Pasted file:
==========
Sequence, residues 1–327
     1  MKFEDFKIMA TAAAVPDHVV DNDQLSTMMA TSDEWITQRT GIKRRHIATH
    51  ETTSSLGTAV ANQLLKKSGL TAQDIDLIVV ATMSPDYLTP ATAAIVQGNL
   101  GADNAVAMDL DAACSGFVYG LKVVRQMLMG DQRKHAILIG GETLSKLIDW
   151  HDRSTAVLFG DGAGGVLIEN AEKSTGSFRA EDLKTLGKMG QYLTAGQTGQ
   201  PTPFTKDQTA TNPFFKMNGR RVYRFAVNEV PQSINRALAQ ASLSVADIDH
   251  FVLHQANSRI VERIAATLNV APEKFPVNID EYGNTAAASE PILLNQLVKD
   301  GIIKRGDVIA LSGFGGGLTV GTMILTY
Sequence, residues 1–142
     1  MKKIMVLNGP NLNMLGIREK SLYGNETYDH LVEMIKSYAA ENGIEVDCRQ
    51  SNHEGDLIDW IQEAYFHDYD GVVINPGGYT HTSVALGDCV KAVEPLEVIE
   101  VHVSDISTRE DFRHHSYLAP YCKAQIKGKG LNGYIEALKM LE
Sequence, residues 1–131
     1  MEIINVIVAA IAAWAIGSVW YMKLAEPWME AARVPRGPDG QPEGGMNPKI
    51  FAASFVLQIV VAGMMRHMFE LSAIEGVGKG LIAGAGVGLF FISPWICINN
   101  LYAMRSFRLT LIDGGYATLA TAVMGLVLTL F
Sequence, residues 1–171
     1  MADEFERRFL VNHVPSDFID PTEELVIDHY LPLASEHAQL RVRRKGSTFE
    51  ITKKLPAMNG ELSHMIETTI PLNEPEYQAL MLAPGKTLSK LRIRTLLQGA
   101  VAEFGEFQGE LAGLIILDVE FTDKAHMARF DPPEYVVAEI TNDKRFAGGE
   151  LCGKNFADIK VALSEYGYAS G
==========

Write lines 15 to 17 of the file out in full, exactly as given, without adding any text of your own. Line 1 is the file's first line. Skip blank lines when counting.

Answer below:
    51  FAASFVLQIV VAGMMRHMFE LSAIEGVGKG LIAGAGVGLF FISPWICINN
   101  LYAMRSFRLT LIDGGYATLA TAVMGLVLTL F
Sequence, residues 1–171